Author's Address . . . . . . . . . . . . . . . . . . . . . . . . . 25 A.3. Link-layer Addresses . . . . . . . . . . . . . . . . . . 24
A.4. Logical Network Service Identity . . . . . . . . . . . . 25
Author's Address . . . . . . . . . . . . . . . . . . . . . . . . . 26
1. Introduction 1. Introduction
[RFC4862] specifies Stateless Address Autoconfiguration (SLAAC) for [RFC4862] specifies Stateless Address Autoconfiguration (SLAAC) for
IPv6 [RFC2460], which typically results in hosts configuring one or IPv6 [RFC2460], which typically results in hosts configuring one or
more "stable" addresses composed of a network prefix advertised by a more "stable" addresses composed of a network prefix advertised by a
local router, and an Interface Identifier (IID) that typically embeds local router, and an Interface Identifier (IID) that typically embeds
a hardware address (e.g., using IEEE identifiers) [RFC4291]. a hardware address (e.g., an IEEE LAN MAC address) [RFC4291].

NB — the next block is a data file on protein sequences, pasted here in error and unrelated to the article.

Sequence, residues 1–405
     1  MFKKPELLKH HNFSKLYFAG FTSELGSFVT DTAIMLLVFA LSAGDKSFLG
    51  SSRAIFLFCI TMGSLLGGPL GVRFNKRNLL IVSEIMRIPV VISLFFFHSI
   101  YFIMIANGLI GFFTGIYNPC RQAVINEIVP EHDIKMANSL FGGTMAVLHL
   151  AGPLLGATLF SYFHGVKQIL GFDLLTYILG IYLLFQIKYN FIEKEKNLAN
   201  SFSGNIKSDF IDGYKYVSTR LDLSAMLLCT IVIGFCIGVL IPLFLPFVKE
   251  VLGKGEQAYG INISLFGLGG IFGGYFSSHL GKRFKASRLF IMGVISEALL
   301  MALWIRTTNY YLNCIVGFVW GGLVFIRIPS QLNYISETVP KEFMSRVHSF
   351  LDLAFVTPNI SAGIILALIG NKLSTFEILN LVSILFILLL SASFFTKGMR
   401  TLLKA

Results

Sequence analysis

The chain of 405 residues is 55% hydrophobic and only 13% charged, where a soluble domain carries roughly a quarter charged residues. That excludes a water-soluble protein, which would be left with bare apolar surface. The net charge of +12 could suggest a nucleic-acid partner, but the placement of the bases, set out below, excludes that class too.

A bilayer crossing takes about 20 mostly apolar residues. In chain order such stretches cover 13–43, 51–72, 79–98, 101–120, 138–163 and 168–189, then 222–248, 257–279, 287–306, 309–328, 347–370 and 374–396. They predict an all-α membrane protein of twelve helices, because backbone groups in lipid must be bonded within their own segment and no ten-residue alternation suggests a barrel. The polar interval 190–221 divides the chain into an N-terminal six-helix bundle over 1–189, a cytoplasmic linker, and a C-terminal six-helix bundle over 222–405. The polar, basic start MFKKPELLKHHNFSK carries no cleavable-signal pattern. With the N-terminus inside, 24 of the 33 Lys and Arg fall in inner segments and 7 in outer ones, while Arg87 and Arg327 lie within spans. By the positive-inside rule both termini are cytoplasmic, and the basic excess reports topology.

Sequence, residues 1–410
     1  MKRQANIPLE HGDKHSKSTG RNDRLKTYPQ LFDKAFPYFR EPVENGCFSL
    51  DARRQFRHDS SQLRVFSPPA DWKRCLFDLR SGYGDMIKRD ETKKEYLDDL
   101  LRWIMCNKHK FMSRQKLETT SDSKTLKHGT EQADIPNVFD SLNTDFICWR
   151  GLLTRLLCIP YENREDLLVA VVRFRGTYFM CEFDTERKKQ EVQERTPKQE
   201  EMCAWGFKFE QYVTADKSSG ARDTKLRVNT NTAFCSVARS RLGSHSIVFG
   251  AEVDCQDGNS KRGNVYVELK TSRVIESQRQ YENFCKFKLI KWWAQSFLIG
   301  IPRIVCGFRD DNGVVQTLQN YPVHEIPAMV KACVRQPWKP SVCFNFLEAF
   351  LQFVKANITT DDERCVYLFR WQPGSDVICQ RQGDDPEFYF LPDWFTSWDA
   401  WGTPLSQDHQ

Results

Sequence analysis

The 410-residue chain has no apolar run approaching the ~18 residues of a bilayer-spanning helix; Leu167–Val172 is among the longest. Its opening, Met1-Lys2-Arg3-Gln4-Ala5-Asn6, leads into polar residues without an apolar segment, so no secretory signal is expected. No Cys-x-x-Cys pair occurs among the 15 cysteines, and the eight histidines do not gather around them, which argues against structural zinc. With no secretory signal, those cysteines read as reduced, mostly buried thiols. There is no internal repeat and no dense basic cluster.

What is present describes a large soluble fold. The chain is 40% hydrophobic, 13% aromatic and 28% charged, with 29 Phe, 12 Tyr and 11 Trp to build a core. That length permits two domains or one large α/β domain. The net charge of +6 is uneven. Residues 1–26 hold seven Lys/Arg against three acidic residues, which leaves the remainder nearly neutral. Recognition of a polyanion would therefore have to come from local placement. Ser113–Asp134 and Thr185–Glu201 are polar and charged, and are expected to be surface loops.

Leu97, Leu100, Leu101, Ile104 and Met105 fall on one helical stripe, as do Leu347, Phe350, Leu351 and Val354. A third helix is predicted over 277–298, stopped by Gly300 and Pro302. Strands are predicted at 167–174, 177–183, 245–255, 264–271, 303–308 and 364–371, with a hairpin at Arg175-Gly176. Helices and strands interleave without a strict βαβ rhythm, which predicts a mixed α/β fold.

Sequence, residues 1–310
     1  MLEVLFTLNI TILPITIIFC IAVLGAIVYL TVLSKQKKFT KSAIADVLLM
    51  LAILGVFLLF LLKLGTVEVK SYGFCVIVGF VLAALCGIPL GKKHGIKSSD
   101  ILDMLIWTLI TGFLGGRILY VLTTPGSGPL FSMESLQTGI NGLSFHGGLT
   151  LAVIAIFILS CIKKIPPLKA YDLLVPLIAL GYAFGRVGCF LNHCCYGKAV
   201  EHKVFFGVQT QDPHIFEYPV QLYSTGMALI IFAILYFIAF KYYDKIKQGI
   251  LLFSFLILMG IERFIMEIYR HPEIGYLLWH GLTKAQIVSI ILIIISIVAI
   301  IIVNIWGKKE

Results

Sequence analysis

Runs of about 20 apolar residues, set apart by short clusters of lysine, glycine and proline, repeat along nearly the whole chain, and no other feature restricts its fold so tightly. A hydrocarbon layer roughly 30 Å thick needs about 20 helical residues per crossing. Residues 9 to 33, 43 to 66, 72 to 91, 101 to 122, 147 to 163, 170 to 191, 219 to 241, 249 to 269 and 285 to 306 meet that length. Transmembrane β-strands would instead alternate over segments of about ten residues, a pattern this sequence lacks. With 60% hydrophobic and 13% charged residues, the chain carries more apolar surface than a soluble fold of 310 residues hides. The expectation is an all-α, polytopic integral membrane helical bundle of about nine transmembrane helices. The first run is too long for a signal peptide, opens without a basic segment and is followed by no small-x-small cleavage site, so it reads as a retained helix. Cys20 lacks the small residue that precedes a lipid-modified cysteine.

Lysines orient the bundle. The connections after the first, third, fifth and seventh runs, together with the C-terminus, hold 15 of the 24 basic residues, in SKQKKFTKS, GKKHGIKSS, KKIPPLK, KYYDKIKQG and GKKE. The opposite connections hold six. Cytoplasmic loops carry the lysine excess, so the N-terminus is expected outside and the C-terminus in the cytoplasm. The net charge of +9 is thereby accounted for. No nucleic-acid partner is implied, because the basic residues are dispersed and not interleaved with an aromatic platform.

Cryptographically Generated Addresses (CGAs) [RFC3972] are yet
Cryptographically Generated Addresses (CGAs) [RFC3972] are yet another method for generating Interface Identifiers, which bind a
another method for generating Interface Identifiers, which bind a public signature key to an IPv6 address in the SEcure Neighbor
public signature key to an IPv6 address in the SEcure Neighbor Discovery (SEND) [RFC3971] protocol.
Discovery (SEND) [RFC3971] protocol.
Generally, the traditional SLAAC addresses are thought to simplify Generally, the traditional SLAAC addresses are thought to simplify